WordPerfect's ability to edit PDF documents--a weakness in Microsoft's suite--still falls short of perfection. In my tests with a group of PDFs, some remained fairly faithful to the original layouts; but in others, text and layout became scrambled. It beats having no support at all, but Office users will be at least as well off if they install a good PDF plug-in. PaperPort's PDF Viewer Plus, the SE version, lets you complete forms that you could fill out with a free Reader plug-in, and annotate static PDFs, but nothing more. To scan and fill out a static PDF form, you must upgrade to Nuance's PDF Converter.
WordPerfect retains its Reveal Codes feature, which makes fine-tuned format adjustments possible. A new feature that some business and government users may like is support for data import from Web services. Accompanying the suite are various utilities, including an XML project designer and a Pleading Expert.
The decision to go with Thunderbird--available as a free download to everyone--hints at WordPerfect Office's weakness in handling e-mail and newsreading tasks; its Exchange support remains incomplete. Thunderbird is rather slow as a front end to Web-based e-mail; by default, it downloads only headers, and I experienced significant delays when I clicked on a header to download a Gmail message.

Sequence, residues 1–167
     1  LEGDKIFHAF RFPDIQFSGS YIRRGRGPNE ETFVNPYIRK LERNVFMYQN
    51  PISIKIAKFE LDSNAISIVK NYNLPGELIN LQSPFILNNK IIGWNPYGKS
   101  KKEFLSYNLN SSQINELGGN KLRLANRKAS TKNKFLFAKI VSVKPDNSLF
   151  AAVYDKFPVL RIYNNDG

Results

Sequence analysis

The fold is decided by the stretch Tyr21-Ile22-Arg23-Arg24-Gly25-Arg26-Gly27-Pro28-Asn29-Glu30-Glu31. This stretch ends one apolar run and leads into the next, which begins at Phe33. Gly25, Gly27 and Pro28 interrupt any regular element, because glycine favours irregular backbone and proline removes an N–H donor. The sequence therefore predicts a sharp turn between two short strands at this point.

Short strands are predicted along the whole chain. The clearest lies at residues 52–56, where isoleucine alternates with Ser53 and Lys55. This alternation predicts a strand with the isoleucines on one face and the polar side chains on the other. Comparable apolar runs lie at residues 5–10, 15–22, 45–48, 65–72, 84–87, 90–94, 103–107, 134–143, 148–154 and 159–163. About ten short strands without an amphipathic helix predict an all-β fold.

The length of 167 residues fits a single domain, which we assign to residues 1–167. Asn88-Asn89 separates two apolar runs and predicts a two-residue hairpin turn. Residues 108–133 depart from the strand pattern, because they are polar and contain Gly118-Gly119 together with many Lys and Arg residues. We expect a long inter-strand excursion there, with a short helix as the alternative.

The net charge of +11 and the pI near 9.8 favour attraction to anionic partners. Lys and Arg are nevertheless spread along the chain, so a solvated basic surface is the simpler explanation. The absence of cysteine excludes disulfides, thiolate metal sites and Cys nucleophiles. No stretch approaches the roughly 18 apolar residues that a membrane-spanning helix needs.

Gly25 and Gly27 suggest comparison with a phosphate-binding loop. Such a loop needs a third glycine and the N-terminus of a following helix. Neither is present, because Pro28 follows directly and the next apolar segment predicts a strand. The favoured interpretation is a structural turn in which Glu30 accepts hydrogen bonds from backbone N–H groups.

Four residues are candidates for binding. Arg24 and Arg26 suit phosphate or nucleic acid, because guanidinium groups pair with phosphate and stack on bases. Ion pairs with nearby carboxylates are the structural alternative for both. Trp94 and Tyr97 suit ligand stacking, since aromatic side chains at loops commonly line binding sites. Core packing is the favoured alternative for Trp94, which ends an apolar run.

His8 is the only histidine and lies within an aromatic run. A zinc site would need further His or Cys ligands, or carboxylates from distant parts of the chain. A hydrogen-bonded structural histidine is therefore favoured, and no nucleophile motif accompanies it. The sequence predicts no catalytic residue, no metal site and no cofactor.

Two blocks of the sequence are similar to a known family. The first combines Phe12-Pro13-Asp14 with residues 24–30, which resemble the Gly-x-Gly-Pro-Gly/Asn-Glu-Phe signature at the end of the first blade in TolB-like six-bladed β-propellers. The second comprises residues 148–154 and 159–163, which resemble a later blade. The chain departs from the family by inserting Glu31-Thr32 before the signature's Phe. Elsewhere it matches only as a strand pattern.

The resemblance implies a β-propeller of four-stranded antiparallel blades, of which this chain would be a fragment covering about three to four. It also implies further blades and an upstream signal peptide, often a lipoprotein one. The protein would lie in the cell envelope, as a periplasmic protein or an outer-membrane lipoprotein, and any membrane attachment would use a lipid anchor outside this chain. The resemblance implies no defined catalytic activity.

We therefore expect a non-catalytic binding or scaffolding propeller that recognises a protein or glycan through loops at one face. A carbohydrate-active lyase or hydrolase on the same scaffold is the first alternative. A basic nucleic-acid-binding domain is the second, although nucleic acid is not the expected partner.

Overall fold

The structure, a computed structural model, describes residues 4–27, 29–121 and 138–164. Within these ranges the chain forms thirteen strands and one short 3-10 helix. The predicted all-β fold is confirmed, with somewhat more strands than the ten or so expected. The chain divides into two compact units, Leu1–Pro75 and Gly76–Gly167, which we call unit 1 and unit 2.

Quattro Pro is a respectable alternative to Excel, with reasonably good charting and formatting tools. Presentations is a serviceable PowerPoint alternative for slideshows, and its accompanying Presentation Graphics application offers bitmap image-editing tools for hands-on types; but the beta of PowerPoint 2010 is difficult to outshine in overall ease of use and integration of image-editing tools. Lightning, the note-taking app, doesn't have the suite-wide integration that Microsoft is introducing for OneNote in Office 2010. Further, Corel has no equivalent to Microsoft's upcoming Office Web apps (though so far, these don't seem likely to pose a serious challenge to existing Web-based productivity tools).
One useful innovation in WP Office X5 is the Reference Center, a central repository for help and tutorials for the whole suite. Anyone who migrates to Office X5 from Microsoft Office should find it invaluable.
Microsoft has yet to announce pricing for upcoming editions of Office 2010, but they will undoubtedly be more expensive than corresponding versions of WordPerfect Office. On the other hand, budget-minded users have more free options than ever these days, so X5 is unlikely to draw legions of new customers on price alone. But it should keep traditional Corel fans in the fold.